Morgan Library Bus Trip

Friday, March 31, 2017

Join Jane Wald, director of the Emily Dickinson Museum on a bus trip to view I'm Nobody! Who are you? The Life and Poetry of Emily Dickinson at the Morgan Library in New York City on Friday March 31, 2017. You'll ride in comfort on a coach bus while enjoying a screening of The Angles of a Landscape biographical film series produced by the Museum and savoring gingerbread from Emily Dickinson's own recipe. At the Morgan Library special tours of the Dickinson exhibition with Jane Wald, and self-guided tours of the Library's other exhibitions will be available. Grab a bite and a glass of wine at the Morgan Cafe or at your favorite Murray Hill spot, before departing for Amherst in the early evening.

Please note: Seats are limited and this program is very likely to sell-out. More information and reservations below. 

The day's itinerary:

8:30AM Check in at the tour center of the Emily Dickinson Museum

8:45AM Departure for the Morgan Library at 225 Madison Avenue, New York, NY 10016

Angles of a Landscape screening, and gingerbread provided. Participants are encouraged to bring a bag lunch to consume on the bus.

12:30PM Arrival at the Morgan Library: Group splits in half.

12:45-1:45PM Group tour of I'm Nobody! Who are you? The Life and Poetry of Emily Dickinson with Jane Wald, Executive Director of the Emily Dickinson Museum; or self-guided tour of the Morgan.

1:45-2:45PM Groups switch.

3PM Free time at the Morgan Library or in Murray Hill. 

Morgan Cafe and Dining Room are open. 

6PM Bus departs for Amherst, MA. 

9:30PM Bus arrives at the Emily Dickinson Museum



*Please note meals are not included in ticket.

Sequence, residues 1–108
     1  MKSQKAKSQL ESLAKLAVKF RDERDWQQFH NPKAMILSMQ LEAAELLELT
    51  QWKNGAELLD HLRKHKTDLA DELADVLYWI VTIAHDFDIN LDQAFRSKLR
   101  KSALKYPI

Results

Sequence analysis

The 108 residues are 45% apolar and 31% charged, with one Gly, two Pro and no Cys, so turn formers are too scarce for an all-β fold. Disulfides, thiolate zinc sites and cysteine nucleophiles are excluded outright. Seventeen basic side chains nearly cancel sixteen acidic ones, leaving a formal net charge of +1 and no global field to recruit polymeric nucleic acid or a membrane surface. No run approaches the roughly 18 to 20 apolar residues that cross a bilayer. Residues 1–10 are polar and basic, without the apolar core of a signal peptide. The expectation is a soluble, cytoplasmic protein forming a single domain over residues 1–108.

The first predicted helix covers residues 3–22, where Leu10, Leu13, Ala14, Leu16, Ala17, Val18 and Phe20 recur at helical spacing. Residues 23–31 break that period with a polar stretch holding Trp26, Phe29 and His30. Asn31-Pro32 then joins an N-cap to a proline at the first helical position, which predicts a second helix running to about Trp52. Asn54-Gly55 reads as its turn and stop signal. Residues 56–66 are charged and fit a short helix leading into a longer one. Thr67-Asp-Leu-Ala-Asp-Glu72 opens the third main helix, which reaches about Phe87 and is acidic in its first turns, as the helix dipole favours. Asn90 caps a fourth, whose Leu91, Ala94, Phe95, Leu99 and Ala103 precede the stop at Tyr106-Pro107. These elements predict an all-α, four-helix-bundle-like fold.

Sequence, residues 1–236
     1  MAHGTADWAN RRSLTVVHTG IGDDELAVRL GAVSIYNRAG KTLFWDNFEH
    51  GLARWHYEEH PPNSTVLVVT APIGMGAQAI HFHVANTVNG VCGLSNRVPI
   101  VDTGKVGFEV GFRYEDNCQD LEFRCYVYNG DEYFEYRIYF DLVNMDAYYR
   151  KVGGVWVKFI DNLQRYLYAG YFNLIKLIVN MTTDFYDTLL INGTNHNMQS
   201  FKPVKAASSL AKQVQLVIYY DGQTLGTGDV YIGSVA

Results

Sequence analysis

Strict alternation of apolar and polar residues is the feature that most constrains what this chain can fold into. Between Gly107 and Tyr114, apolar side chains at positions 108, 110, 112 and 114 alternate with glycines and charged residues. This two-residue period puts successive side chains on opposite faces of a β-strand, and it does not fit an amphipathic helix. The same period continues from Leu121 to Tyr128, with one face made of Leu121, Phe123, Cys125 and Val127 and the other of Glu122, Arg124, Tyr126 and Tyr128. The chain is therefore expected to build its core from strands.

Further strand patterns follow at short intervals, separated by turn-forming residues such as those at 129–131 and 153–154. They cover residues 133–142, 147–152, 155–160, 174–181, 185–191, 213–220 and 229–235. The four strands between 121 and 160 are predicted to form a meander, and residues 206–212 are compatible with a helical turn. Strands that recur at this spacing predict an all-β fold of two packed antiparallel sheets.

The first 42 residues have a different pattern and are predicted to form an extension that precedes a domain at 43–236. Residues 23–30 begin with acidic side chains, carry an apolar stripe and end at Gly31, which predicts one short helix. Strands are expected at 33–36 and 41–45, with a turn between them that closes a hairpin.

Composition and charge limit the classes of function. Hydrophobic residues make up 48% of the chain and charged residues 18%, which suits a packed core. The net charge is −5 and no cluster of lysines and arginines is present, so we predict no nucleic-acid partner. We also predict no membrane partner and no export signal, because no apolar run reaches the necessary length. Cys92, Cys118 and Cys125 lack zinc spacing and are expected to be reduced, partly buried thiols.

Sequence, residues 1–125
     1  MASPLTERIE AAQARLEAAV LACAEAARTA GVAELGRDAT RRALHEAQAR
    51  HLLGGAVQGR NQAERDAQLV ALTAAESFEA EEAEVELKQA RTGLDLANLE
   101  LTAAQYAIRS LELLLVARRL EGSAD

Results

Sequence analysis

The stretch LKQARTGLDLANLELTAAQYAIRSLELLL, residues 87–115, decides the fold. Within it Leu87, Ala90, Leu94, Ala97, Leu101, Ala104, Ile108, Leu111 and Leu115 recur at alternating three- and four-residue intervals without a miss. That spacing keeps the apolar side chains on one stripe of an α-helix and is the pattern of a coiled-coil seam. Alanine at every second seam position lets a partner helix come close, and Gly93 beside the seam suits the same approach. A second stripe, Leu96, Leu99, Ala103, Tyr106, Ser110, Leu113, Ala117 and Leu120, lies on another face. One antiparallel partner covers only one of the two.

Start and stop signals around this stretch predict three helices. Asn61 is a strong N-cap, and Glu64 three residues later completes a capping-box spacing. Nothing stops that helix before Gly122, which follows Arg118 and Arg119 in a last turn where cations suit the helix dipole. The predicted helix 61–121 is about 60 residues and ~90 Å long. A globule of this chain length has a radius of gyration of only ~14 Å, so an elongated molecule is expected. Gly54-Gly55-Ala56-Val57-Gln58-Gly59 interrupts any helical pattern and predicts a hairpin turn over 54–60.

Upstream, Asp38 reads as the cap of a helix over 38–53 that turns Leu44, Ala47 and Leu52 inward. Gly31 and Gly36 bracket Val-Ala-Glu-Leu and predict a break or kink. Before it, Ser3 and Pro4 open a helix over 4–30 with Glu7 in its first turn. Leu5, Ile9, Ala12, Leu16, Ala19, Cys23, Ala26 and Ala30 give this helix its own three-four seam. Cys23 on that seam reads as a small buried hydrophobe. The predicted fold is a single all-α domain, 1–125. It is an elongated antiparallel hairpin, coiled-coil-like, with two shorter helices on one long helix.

• Adults: $70
  • Emily Dickinson Museum members: $60
  • Students and seniors: $60
About the exhibition

One of the most popular and enigmatic American writers of the nineteenth century, Emily Dickinson (1830–1886) wrote almost 1,800 poems. Nevertheless, her work was essentially unknown to contemporary readers since only a handful of poems were published during her lifetime and a vast trove of her manuscripts was not discovered until after her death in 1886.  

Often typecast as a recluse who rarely left her Amherst home, Dickinson was, in fact, socially active as a young woman and maintained a broad network of friends and correspondents even as she grew older and retreated into seclusion. Bringing together nearly one hundred rarely seen items, including manuscripts and letters, I’m Nobody: Who are you?—a title taken from her popular poem—is the most ambitious exhibition on Dickinson to date. It explores a side of her life that is seldom acknowledged: one filled with rich friendships and long-lasting relationships with mentors and editors.  

The exhibition closely examines twenty-four poems in various draft states, with corresponding audio stops.  In addition to her writings, the show also features an array of visual material, including hand-cut silhouettes, photographs and daguerreotypes, contemporary illustrations, and other items that speak to the rich intellectual and cultural environment in which Dickinson lived and worked. The exhibition is organized in conjunction with Amherst College.